The 2nd coordinate of the White Horse Temple is located in highly alert, self-defensive, mental water sign Scorpio the sign of fortresses, sculpting, learning by watching and copying, mental and social hierarchies, caste systems and in religion an indicator for dogma and ideologies. In its role as the sign of sculpting and imaging Scorpio is the indicator for the emblematic white horse statue as the symbol for the initiation into Buddhism.

Astrology and Sacred Sites: The Longmen Grottoes at Luoyang

Luoyang is also the site of one of the finest examples of ancient chinese art: the Longmen Grottoes.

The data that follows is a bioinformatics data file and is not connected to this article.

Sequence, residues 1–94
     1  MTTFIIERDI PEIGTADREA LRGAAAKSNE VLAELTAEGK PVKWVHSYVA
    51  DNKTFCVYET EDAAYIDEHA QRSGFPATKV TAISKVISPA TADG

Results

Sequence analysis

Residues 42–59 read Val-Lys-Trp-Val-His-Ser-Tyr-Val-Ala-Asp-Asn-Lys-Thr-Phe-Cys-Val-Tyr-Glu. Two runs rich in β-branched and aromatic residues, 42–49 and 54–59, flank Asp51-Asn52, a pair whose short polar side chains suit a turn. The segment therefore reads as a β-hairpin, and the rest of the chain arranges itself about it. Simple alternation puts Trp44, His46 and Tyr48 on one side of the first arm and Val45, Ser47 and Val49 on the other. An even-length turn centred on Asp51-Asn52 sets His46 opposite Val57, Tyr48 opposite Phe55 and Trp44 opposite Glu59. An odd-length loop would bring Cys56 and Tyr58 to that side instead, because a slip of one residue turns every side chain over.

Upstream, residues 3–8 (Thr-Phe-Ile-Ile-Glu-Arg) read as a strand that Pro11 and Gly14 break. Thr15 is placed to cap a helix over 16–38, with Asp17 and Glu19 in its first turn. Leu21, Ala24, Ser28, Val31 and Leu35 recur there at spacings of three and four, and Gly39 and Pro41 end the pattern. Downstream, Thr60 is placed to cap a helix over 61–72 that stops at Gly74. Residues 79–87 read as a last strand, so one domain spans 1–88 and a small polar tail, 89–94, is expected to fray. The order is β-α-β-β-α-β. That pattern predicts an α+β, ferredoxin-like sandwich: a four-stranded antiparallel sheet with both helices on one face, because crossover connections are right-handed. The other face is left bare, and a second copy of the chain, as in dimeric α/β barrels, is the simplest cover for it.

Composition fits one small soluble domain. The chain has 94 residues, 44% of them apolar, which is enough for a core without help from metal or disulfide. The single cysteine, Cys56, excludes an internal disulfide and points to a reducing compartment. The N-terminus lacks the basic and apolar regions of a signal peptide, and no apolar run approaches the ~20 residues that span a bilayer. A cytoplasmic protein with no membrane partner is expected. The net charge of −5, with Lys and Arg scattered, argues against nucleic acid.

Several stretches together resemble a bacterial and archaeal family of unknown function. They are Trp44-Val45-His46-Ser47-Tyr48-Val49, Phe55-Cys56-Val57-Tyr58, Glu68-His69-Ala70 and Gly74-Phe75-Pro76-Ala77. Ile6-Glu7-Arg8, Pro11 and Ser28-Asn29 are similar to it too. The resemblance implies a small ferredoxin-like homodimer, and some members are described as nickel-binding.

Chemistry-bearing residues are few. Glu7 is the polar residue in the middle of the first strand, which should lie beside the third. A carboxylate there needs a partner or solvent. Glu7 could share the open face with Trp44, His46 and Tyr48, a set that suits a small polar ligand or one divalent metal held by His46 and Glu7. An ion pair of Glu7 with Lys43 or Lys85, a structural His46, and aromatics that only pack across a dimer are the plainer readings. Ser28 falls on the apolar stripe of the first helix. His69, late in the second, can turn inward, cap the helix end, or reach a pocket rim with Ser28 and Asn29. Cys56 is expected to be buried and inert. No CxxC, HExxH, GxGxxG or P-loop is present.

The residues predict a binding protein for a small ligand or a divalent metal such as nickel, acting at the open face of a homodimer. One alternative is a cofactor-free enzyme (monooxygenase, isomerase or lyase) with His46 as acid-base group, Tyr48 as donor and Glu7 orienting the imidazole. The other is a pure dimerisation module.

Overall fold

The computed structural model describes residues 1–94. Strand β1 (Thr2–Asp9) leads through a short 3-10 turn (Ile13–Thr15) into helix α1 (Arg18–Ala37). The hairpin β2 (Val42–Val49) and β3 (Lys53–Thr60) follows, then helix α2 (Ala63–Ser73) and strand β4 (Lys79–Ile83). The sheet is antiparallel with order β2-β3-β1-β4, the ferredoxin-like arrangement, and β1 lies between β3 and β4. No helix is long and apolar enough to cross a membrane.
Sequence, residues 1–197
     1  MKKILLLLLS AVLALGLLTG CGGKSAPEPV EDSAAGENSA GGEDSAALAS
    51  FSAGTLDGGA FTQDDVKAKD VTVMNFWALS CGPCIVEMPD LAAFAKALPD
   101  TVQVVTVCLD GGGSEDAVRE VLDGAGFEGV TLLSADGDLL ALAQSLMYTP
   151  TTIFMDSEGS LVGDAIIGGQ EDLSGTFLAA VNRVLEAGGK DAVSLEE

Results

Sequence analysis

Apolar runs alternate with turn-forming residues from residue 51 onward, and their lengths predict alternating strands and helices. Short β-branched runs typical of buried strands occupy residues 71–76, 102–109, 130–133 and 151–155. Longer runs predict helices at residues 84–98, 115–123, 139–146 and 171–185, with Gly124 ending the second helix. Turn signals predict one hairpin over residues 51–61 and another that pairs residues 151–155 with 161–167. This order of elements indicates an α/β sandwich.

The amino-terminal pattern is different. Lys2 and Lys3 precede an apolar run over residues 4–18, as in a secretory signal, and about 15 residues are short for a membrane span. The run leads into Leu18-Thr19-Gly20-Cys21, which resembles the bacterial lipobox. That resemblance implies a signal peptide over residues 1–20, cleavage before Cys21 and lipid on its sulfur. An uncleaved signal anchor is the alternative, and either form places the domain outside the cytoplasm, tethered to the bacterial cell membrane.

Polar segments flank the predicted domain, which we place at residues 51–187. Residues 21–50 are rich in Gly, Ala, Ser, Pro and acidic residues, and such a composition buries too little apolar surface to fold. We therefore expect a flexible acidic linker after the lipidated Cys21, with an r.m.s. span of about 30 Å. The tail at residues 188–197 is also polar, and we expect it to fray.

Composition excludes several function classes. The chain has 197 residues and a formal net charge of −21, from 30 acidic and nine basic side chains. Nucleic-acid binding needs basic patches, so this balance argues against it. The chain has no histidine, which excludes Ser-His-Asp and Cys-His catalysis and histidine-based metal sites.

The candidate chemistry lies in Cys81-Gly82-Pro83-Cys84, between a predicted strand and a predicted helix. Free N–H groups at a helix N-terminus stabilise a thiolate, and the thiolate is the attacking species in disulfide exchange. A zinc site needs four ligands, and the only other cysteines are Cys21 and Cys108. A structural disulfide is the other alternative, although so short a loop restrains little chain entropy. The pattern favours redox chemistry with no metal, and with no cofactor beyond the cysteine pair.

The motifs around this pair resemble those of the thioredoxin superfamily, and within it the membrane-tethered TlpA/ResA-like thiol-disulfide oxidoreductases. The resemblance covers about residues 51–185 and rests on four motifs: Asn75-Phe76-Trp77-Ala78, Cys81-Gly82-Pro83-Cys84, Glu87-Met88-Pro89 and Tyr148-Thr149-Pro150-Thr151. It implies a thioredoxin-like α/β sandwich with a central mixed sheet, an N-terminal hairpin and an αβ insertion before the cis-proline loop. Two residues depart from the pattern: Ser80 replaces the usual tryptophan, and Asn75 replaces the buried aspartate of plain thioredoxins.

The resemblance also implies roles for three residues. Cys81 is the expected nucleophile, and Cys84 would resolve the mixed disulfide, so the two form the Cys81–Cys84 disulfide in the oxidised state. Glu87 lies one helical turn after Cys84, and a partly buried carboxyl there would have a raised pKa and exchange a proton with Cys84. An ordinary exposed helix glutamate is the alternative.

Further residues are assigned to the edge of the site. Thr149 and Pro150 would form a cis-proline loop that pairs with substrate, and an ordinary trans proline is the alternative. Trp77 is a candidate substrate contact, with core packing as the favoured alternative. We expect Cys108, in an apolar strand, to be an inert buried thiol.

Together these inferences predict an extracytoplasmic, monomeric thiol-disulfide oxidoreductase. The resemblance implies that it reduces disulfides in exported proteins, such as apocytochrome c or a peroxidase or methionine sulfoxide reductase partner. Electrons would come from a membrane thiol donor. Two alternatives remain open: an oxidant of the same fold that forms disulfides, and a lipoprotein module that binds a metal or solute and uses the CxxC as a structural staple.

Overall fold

Longmen Grottoes at Luoyang

The Longmen Grottoes are about 100.000 buddhist statues in 1.400 caves on the banks of the Yi River south of Luoyang carved out of the rock between 493 AD and 1127 AD.

Astrogeographic position for Field Level 3 which describes the whole area of the Longmen Grottoes: one coordinate of the site is located right next to the cardinal divide between practical air sign Gemini the sign of signposts, signs, language, communication, learning and technology and emotional water sign Cancer the sign of river beds and indicator for the location of the site right next to the river. The 2nd coordinate lies in creative, innovative spiritual air sign Aquarius the sign of the sky, heaven, self-finding, paradise, flying, abstraction, inspiration, emancipation and self-liberation.

Gemini as the sign of Signposts